Twenty years ago, the album Red Hot + Blue was released. It featured the music of American musical theater legend Cole Porter and some of the top acts of the day, all to raise money and awareness for AIDS research. The album contained 20 cuts, and I found 17 videos for those cuts, and for the next several weeks, will be running them in this Monday night spot. The album was thought of as a fundraising tool, it also allowed the artists involved great freedom with their interpretation of Porter's music, making for a wide variety of styles on the album. We shall go through the album in the order that is on my CD, which I did purchase at the time.
Porter was an amazing talent, and some consider him one of the best LGBT songwriters, if not THE best. He started his Broadway career in 1915, when one of his songs appeared in a Broadway Revue. He was just 24 years old. He went on to write songs for the theater like Lets Do It, Let's Fall In Love, What Is This Thing Called Love, and Anything Goes. Despite having a whife of 35 years, most believed him to be gay, and the marriage one between two dear friends who gave one another space and freedom, while gaining both wider acceptance in the greater world at large.
I've Got You Under My Skin was written in 1936 for the MGM musical Born To Dance. Frank Sinatra had a hit with his version, as did the Four Seasons, better known today from Broadway's Jersey Boys. On the album, it was performed by the incredible Nenah Cherry, who retitled it Under My Skin. I loved her take on it, which was very new and fresh [at the time], and oh-so-appropriate for the song.
In The Still Of The Night was written for another MGM musical, this one named Rosalie. Originally published in 1937, the song was covered by countless artists, but the most well-known would be the Doo-Wop group Dion & the Belmonts. On the album, it was covered by The Neville Brothers, featuring the incredible voice of Aaron Neville.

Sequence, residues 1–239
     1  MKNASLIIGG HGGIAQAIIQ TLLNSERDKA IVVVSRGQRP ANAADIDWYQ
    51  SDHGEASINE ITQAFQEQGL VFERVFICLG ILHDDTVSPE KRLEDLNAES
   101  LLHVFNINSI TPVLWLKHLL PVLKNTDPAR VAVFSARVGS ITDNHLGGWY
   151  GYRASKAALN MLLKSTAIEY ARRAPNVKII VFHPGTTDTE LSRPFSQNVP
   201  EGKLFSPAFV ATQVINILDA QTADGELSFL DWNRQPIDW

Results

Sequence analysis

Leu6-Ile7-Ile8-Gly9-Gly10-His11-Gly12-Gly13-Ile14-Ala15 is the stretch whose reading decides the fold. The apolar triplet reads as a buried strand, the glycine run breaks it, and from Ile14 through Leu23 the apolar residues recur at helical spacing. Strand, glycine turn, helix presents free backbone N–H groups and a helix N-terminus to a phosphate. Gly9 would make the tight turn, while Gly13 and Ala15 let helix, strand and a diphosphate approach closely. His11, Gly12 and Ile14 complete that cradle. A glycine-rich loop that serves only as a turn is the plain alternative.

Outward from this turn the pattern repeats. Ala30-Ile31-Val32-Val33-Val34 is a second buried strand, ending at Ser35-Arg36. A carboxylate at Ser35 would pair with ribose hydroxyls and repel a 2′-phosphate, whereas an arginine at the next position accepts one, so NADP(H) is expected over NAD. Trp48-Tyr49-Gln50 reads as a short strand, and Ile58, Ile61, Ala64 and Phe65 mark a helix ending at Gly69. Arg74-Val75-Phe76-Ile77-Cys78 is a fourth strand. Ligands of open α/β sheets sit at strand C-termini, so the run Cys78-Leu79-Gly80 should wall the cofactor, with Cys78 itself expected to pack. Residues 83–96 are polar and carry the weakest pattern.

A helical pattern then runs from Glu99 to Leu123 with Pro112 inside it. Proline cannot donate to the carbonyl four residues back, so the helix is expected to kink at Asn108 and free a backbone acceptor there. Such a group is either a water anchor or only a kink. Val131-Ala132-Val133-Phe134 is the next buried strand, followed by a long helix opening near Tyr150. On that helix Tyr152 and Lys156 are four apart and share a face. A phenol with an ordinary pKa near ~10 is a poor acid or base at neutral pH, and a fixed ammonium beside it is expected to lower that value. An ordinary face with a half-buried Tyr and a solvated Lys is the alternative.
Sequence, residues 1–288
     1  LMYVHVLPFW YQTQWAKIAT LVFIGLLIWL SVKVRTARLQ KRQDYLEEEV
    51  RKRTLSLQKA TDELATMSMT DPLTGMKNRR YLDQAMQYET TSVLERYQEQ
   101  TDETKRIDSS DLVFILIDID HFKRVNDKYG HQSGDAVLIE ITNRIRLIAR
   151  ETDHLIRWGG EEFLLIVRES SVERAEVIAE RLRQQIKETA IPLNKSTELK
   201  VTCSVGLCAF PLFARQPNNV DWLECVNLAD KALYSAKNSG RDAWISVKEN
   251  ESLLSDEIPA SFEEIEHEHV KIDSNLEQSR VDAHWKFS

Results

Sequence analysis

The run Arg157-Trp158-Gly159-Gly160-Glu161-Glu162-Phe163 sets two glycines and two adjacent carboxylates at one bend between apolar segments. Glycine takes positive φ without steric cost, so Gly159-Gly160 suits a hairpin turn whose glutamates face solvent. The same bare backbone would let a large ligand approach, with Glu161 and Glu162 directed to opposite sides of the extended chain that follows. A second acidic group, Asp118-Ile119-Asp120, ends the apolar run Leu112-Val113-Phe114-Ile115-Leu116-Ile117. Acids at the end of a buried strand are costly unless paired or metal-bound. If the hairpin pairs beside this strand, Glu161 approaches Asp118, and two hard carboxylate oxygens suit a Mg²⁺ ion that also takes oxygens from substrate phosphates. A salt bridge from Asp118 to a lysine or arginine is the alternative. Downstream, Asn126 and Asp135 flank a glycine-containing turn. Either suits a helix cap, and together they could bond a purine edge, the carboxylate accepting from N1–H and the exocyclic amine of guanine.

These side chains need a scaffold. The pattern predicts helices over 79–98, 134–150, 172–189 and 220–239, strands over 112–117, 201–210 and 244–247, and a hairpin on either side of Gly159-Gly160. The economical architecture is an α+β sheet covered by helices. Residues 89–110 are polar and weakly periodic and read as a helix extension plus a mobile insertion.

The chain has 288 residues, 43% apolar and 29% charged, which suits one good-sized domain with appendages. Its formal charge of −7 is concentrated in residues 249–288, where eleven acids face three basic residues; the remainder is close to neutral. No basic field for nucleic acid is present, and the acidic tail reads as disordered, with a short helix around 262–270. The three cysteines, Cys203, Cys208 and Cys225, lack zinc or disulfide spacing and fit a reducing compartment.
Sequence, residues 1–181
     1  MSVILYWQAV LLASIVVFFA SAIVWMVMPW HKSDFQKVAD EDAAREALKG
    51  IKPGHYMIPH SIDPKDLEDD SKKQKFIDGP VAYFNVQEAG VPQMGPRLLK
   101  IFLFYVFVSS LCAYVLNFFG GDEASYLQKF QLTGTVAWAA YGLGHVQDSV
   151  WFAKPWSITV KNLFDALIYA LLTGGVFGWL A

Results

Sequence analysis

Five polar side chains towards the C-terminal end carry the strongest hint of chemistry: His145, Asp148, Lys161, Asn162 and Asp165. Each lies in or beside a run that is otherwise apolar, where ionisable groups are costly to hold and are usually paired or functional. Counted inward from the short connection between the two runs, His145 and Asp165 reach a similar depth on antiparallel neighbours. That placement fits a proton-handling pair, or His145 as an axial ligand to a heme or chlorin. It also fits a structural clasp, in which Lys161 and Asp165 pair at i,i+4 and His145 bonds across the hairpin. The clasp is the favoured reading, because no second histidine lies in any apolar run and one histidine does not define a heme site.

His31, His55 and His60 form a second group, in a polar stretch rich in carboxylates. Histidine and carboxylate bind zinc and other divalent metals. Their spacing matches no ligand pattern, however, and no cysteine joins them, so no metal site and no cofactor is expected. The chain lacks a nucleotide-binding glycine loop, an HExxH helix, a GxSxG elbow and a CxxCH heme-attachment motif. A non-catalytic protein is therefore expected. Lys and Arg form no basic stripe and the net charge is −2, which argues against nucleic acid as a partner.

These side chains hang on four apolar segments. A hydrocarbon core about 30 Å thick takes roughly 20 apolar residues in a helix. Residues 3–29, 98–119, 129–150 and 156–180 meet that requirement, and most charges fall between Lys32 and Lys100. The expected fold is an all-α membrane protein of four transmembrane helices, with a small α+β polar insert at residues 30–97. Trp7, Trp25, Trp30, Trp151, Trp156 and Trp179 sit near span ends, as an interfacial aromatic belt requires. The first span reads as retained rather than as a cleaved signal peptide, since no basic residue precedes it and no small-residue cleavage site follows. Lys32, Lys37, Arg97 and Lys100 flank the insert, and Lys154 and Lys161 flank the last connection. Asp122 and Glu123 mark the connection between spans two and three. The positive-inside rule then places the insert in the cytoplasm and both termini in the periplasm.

You Do Something To Me was written in 1929 for the show Fifty Million Frenchmen, although more people know it from the cover versions. Everyone from Frank Sinatra to Ella Fitzgerald had sung the song, and on this album, it was the Irish singer Sinead O'Connor who did the duties, and her version is pretty amazing!
The next track was Begin The Beguine, covered by Salif Keita. While a video was made, I was unable to find it. The song was written in 1935, and appeared in the Broadway show Jubilee. Keita is an Afro-Pop singer/songwriter from Mali, and definitely put his own spin on the song. Love For Sale followed, a song that first appeared on the Broadway stage in 1930 in a show called The New Yorkers. It was covered by Billie Holiday in 1945, and Harvey Fierstein in the movie version of Torch Song Trilogy. Here it was covered by Fine Young Cannibals with a rather sultry version. Unfortunately, this is one of two songs that did not have a video.
Written in 1939 for the musical Du Barry Was A Lady and sung by pin-up girl Betty Grable, and later added to the 1956 film High Society, sung by Frank Sinatra and Bing Crosby, Well, Have You Evah was classic Porter. On the album, it is performed to perfection by Debbie Harry & Iggy Pop.
Hope you enjoyed this, and I look forward to bringing you more in the coming weeks!